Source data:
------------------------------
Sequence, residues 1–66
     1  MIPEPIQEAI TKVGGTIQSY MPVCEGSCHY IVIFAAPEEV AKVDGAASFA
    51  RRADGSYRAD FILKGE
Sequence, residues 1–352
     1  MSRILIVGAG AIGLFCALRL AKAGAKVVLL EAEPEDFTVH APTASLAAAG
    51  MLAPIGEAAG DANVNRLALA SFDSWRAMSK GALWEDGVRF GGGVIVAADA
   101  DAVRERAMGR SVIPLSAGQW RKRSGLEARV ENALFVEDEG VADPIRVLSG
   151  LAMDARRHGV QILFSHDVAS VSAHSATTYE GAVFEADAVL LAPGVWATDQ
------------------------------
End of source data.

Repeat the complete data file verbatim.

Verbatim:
Sequence, residues 1–66
     1  MIPEPIQEAI TKVGGTIQSY MPVCEGSCHY IVIFAAPEEV AKVDGAASFA
    51  RRADGSYRAD FILKGE
Sequence, residues 1–352
     1  MSRILIVGAG AIGLFCALRL AKAGAKVVLL EAEPEDFTVH APTASLAAAG
    51  MLAPIGEAAG DANVNRLALA SFDSWRAMSK GALWEDGVRF GGGVIVAADA
   101  DAVRERAMGR SVIPLSAGQW RKRSGLEARV ENALFVEDEG VADPIRVLSG
   151  LAMDARRHGV QILFSHDVAS VSAHSATTYE GAVFEADAVL LAPGVWATDQ